Physics Colloquium - Friday, Nov. 2nd, 2007, 4:00 P.M.


E300 Math/Science Center; Refreshments at 3:30 P.M. in Room E200

Darryl Kropf
Department of Biology
University of Utah

Polarity establishment and asymmetric division in fertilized eggs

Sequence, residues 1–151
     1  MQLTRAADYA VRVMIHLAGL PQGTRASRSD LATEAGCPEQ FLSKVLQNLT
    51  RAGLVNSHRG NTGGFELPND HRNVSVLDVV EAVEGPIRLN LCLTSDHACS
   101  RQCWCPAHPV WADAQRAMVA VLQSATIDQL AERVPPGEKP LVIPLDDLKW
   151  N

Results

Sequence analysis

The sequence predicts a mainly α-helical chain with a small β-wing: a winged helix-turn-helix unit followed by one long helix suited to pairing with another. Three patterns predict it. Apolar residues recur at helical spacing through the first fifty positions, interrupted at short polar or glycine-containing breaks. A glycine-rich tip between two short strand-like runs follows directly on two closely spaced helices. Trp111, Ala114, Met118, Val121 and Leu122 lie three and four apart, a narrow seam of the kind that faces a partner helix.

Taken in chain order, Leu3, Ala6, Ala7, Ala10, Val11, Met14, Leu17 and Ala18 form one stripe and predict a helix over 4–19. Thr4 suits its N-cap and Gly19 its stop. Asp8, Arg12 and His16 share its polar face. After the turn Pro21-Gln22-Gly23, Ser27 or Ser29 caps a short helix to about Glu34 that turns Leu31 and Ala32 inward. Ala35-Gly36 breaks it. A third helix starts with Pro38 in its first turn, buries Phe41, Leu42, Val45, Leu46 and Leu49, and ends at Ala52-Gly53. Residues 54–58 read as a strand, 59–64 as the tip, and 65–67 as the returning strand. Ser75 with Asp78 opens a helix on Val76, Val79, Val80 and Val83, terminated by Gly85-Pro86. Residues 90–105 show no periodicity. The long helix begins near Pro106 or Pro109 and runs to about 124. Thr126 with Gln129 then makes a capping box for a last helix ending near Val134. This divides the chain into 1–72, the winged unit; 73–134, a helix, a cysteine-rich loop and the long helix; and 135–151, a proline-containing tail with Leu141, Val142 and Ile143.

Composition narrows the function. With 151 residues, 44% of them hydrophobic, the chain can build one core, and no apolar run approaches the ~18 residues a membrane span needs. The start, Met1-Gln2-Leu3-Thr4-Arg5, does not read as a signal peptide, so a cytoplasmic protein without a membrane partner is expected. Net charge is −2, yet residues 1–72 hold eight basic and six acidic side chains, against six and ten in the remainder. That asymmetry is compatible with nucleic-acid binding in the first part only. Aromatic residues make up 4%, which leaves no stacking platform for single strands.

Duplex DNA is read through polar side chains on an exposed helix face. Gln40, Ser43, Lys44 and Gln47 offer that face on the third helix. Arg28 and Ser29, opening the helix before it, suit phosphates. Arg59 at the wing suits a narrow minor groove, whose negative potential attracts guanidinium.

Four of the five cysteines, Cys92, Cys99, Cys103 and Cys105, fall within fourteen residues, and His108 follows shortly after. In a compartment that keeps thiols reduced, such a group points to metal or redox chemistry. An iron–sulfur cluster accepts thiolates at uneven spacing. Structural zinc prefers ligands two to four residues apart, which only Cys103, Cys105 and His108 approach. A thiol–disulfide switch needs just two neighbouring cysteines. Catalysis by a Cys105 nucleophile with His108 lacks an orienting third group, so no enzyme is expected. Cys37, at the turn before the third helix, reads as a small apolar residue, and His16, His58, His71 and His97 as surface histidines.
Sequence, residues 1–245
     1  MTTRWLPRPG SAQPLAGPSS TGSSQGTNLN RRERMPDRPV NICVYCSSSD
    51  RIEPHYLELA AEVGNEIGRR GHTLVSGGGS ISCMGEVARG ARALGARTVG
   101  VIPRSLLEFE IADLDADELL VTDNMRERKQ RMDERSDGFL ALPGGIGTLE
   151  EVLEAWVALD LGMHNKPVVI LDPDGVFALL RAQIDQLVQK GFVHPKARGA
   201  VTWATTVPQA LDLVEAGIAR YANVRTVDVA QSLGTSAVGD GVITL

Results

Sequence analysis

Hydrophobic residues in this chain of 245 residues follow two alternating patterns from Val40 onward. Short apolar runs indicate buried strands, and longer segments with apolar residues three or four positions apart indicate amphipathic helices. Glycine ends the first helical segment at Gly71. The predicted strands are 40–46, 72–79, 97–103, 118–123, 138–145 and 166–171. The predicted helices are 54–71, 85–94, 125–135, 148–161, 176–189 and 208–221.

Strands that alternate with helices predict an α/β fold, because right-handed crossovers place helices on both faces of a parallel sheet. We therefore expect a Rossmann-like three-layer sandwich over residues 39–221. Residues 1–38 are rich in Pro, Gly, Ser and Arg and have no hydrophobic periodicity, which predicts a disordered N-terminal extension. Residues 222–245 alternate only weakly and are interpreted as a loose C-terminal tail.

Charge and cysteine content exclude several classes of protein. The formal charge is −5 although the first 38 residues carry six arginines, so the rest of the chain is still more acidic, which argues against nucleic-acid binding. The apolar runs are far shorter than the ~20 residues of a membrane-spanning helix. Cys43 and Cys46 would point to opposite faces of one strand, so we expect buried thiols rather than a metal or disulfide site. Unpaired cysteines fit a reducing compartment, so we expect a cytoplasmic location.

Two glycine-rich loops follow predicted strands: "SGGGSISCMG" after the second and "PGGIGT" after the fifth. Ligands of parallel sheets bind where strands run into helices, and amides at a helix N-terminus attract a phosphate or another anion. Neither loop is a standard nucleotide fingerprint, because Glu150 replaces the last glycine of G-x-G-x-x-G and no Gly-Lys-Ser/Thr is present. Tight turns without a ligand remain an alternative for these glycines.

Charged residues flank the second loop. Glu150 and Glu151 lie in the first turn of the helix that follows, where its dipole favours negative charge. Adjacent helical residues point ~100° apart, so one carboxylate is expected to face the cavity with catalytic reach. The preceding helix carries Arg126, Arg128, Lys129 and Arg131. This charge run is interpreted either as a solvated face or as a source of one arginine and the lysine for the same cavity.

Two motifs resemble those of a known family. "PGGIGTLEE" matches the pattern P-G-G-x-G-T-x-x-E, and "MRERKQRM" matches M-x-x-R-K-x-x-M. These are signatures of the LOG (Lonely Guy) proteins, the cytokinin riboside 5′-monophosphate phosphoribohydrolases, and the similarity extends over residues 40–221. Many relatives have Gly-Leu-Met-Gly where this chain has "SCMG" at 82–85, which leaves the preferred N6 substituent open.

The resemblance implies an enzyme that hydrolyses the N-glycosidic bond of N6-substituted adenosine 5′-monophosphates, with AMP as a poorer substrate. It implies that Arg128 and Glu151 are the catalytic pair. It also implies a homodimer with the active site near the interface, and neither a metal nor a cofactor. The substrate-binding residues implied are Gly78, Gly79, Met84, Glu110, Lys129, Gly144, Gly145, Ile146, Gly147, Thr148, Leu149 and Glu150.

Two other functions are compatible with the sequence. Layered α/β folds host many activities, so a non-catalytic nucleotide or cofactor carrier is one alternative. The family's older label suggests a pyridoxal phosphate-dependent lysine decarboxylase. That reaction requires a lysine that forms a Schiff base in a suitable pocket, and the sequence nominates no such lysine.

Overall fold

The establishment of cellular polarity followed by asymmetric division is fundamental to development in multicellular organisms. This process generates distinct cell lineages that acquire unique cell fates. We are interested in the cellular and physiological mechanisms that control cell polarity and asymmetric division. Fertilized eggs of the brown alga Silvetia compressa offer several advantages for our studies, including the ease of harvesting large numbers of zygotes and the ability to polarize populations using external cues (e. g. light). Our work has focused on the roles of cytoskeleton and endomembranes in establishing a rhizoid/thallus growth axis and in asymmetric division. We find that polarization depends on a dynamic actin array that localizes to the rhizoid pole and serves as a target site for vesicle secretion and endomembrane cycling. This leads to localized growth at the rhizoid pole. Although microtubules are not required for polarization or growth, they organize polar endomembrane arrays and thereby determine growth morphology. In addition, microtubules are critical for correctly positioning the spindle transverse to the growth axis, and for effecting cytokinesis. Recently, we have begun to investigate signaling to the cytoskeleton and results indicate that phospholipid signaling through phosphatidic acid regulates microtubule arrays throughout early development. Our current working model integrating these cellular parameters will be presented.